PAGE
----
As I sit here this morning, I'm pondering the story behind that offering. Maybe the giver didn't have the resources to buy a gift for everyone at Pottery Barn. Maybe he or she really wanted to share something homemade. The packaging was logical: zip-top bags keep cookies fresh. And most folks always have it on hand. Maybe the person wasn't able to easily get to the store. Maybe it wasn't a slapdash attempt to participate. Maybe it wasn't about getting off cheaply. It takes time to bake cookies. More time than it takes to pop into Pottery Barn and buy seven of the same thing, assuming an assistant wasn't sent to complete the task. Maybe it was the purest expression possible, a seemingly humble offering given with great love.

I am not given to materialism. My car is a 2003. (I have a great mechanic.) Every year when Christmas rolls around, if folks ask what I'd like, I tell them: nothing. Truly. I have so much. And they do nice things for me all year long, be they helpful tasks or picking up the tab for dinner and a movie. But we exchange at least token things and they want ideas. So, OK, this is a DVD I'd like to own.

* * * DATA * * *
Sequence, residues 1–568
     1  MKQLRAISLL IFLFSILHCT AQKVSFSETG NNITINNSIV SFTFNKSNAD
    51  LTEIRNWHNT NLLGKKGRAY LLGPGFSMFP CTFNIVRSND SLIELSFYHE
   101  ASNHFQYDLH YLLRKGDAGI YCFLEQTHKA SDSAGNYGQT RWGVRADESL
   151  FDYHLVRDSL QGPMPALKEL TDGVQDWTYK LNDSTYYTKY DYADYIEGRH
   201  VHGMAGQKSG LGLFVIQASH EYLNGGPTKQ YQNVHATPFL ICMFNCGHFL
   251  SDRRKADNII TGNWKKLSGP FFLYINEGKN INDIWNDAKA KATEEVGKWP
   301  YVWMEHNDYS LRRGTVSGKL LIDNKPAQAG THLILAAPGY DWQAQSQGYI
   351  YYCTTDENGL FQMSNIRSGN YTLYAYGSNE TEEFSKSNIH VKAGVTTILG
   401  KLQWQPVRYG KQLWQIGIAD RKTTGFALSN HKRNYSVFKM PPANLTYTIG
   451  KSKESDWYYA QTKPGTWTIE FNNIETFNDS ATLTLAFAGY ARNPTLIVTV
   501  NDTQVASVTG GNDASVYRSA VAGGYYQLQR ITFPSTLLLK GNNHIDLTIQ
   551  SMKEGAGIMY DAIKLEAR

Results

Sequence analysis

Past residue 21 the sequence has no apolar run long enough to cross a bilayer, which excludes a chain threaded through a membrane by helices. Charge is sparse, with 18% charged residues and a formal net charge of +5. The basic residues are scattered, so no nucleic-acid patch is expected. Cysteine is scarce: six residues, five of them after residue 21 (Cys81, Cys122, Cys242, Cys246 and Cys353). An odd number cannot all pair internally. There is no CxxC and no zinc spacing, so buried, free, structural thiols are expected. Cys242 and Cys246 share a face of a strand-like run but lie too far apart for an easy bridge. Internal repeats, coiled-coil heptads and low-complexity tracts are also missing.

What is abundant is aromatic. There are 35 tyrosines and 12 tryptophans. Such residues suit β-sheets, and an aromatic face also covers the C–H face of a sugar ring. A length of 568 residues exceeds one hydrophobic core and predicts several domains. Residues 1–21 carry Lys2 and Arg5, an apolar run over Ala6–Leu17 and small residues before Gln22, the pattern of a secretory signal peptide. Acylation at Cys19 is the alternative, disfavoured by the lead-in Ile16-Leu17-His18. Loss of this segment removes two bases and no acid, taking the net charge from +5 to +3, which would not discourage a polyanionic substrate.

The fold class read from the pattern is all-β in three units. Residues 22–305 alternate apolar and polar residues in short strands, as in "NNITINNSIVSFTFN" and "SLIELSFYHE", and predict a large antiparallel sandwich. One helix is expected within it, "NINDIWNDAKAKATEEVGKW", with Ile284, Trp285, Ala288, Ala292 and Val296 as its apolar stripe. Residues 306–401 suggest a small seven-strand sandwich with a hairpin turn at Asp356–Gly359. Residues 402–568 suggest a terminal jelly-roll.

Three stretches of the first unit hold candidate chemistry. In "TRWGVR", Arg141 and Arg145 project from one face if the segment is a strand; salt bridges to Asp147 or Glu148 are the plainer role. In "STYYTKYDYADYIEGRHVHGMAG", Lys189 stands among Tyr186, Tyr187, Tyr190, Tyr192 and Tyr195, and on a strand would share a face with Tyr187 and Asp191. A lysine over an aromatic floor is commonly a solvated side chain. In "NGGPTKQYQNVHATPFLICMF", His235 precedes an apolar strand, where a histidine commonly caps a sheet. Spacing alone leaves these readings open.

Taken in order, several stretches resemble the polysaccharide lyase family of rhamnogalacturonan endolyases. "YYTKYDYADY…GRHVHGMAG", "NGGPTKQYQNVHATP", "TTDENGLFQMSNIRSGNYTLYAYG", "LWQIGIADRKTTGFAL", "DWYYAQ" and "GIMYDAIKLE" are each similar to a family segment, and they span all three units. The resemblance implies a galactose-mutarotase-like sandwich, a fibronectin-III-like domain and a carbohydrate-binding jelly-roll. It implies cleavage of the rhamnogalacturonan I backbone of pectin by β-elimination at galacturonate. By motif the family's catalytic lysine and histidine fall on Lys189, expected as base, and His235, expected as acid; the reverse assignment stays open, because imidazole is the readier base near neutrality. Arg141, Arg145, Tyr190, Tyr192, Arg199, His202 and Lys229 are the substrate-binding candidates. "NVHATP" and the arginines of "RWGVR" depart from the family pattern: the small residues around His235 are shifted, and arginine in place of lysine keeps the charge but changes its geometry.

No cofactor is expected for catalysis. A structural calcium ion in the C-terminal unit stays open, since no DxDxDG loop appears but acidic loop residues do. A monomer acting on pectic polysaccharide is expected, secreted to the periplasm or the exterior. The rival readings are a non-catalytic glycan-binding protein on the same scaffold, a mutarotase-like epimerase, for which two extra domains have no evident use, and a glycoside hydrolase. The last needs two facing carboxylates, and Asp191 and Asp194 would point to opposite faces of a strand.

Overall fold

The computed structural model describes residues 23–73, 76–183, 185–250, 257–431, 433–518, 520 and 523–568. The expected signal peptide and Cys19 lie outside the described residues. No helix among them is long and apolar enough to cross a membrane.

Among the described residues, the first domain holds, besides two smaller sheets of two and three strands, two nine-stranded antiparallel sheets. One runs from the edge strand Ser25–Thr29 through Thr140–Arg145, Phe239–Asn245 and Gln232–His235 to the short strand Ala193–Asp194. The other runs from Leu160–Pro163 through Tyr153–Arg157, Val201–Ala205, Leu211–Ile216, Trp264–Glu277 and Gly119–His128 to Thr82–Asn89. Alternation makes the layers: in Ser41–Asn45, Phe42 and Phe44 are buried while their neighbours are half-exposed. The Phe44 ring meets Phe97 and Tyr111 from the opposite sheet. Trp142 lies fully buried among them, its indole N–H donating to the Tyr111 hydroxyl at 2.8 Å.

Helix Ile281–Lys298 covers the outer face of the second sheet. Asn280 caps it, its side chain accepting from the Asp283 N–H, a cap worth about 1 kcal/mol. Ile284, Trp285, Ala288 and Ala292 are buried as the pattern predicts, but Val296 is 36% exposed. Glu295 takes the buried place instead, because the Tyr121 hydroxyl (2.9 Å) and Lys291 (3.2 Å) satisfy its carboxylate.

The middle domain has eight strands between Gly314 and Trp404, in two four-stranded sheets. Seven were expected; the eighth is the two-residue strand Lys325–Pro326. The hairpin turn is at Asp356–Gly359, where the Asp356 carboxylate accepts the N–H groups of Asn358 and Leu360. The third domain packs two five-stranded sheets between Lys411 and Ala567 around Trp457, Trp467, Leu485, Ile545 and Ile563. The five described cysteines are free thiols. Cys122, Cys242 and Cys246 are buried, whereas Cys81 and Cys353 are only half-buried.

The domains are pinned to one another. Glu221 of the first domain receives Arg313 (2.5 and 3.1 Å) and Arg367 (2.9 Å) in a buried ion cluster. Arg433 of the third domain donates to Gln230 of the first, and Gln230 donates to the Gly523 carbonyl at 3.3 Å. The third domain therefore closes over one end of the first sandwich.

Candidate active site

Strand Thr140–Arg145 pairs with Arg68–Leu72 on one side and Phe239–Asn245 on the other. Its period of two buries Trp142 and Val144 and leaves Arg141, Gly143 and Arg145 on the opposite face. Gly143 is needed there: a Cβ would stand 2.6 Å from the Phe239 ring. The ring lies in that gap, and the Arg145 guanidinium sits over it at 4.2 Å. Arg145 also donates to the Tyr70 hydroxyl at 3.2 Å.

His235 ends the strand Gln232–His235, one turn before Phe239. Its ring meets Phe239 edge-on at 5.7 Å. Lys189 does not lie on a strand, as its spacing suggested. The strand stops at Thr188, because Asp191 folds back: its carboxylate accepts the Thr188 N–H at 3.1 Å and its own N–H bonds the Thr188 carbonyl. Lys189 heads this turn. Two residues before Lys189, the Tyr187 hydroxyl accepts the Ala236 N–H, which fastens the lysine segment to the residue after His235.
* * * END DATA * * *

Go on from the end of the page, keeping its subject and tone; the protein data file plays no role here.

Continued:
But I'm delighted to receive handmade gifts. My cousins sent scarves for everyone one year. One bought the yarn, the other did the knitting. Some of my most treasured possessions were made for me by my niece and nephews when they were wee. Time and effort are worth more to me than the largest sums of cash. When my eldest nephew was six, I believe, he wrapped a shoebox for my mom. There's nothing in it. He just covered the box with scraps of paper and ribbon and each year, she places it under the tree. It is one of her most prized possessions. One of my brothers gave me "coupons" for help around the house, one work day each season. He'd help me regardless but that was my favorite gift from him this year. (He also bought the DVD. And other things.) There's a lot I can do and I could probably learn to do other things but he can change the oil in my lawnmower, thanks.